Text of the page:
1995 Woman Suffrage
- 75-year anniversary of the 19th Amendment to the US Constitution
Stamp Category: Commemorative
First Day of Issue: August 26, 1995
First Day City: Washington, DC
Quantity Issued: 105,000,000
Printed by: Ashton-Potter
Printing Method: Offset 160 subjects (10 across, 16 around). Intaglio printing plates of 160 subjects (10 across, 16 around).
Format: Panes of 20, horizontal – 5 across and 8 down.
Perforations: 11.1 x 10.9
Why the stamp was issued: The stamp was issued to commemorate the 75th anniversary of the 19th Amendment to the US Constitution.
About the stamp design: The design of this stamp was quite controversial at the time. Many praised the USPS for choosing a progressive woman designer and for creating something new and different. Others thought the design was “ugly,” “muddled,” and picturing an inappropriate women’s march on the stamp.
The designer, April Greiman, choose two photos – one from 1913 that depicts women marching right before Woodrow Wilson’s inauguration as president. The second is supporters of the Equal Rights Amendment marching in Springfield, IL in 1976. She superimposed the photos on top one another and used the words “equality,” “freedom,” and “progress” in the design. The colors symbolize heart, change, progress, creativity, and expression. Greiman also used shapes such as the triangle to symbolize change and dynamic action.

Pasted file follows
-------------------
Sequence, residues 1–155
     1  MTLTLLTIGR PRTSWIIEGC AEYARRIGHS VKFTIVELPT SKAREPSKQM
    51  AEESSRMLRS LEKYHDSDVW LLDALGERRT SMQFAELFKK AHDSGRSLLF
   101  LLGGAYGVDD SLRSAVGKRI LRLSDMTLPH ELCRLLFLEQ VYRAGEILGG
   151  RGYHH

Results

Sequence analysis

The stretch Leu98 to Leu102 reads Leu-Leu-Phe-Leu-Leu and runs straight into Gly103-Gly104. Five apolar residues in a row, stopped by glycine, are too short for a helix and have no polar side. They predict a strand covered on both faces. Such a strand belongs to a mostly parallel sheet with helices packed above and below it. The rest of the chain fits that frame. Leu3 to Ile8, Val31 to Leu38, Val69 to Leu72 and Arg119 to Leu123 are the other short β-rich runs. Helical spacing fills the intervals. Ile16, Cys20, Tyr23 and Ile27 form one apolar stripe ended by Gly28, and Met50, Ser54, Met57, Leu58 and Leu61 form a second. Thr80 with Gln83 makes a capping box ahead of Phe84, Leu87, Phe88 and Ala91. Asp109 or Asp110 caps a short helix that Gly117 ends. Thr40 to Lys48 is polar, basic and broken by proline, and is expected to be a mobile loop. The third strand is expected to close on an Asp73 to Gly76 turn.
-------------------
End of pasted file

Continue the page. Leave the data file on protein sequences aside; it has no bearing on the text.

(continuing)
About the printing process: This stamp was printed by Ashton-Potter using a new press. The press was a Stevens Varisize Security Documents webfed press with six-color offset and three-color intaglio capability. The stamp has a combination of offset and intaglio. The lettering is photochemically engraved.
First Day City: The first-day ceremony was held at the National Museum of Women in Arts in Washington, DC.
History the stamp represents:
Some women spent their entire lives dedicated to adding the 19th Amendment to the United States Constitution.
Susan B. Anthony, Elizabeth Cady Stanton, and Lucretia Mott were essential in the beginning movement. Their passion helped form the National Woman Suffrage Association and organize the first women’s rights convention, known as the “Seneca Falls Convention,” in NY. They paved the way for the next generation of strong-minded women to continue their legacy.
Carrie Chapman Catt, Alice Paul, and Lucy Burns took the reins around 1910. Paul and Burns organized political protests and started picketing the White House in 1917. Even though they received the support of President Wilson a year later, the picketing continued until the House of Representatives passed the amendment in 1919.
On August 18, 1920, over 65 years of hard work paid off. Tennessee was the 36th and final state they need for the 19th Amendment to be ratified. Although many different approaches were used, their goal was always the same – women’s right to vote.